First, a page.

Most of my later, higher number trays, are a mixture of gems as I cut them and not the ordered field that my son put together after the last Carnegie Museum show. With the desire to post information about every gemstone in the collection I have had to look closely at gems I have not really seen for a while because of gemstones like the posted one.
Why you might ask and since I am trying to both provocative and informative, I will try and explain. The bright, slightly dichroic blue green gemstone is eye candy. Since there is not real order to this tray, the eye candy steals the other less aggressive stones of their moment, because I am really just browsing most of the time. This is unfair to many gemstones, that individually merit interest, but were not blessed with that something extra that photography many times can not capture.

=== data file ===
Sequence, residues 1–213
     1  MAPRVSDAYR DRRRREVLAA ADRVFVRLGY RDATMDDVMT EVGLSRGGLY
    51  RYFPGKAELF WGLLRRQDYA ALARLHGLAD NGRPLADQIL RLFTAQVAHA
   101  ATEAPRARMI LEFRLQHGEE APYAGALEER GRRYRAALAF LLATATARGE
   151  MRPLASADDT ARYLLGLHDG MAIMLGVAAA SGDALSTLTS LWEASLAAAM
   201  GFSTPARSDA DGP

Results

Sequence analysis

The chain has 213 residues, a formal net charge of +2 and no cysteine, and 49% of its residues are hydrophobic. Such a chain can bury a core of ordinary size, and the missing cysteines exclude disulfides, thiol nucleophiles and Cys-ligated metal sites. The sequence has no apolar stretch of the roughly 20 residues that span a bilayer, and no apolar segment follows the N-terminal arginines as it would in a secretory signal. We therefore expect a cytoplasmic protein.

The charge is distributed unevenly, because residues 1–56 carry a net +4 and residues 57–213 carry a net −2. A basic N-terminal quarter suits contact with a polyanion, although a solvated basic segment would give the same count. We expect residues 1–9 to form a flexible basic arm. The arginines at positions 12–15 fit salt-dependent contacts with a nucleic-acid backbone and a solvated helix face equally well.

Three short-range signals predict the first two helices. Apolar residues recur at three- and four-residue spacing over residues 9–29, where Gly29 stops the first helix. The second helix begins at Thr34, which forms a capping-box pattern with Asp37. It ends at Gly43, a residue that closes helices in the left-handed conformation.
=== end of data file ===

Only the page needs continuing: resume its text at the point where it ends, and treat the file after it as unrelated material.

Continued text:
And speaking of photographic distortions. Without the new world of digital photography this effort with my collection would not have been possible, but the technology does not represent many gemstones as the eye perceives them. This is particularly true with flawed ones. While accentuating and magnifying the flaws, the pictures diminish the impact of flash and scintillation of the stone on the perception of flaws. Some included faceted stones may even appear to be without facets if the pictures are not taken carefully and I think that the “neon” effect in some gemstones is impossible to capture photographically.
That said this eye candy has no problems with the eye or photograph. Its medium toned relatively stable blue green shines without eye visible flaws. It weighs 1.64 carats.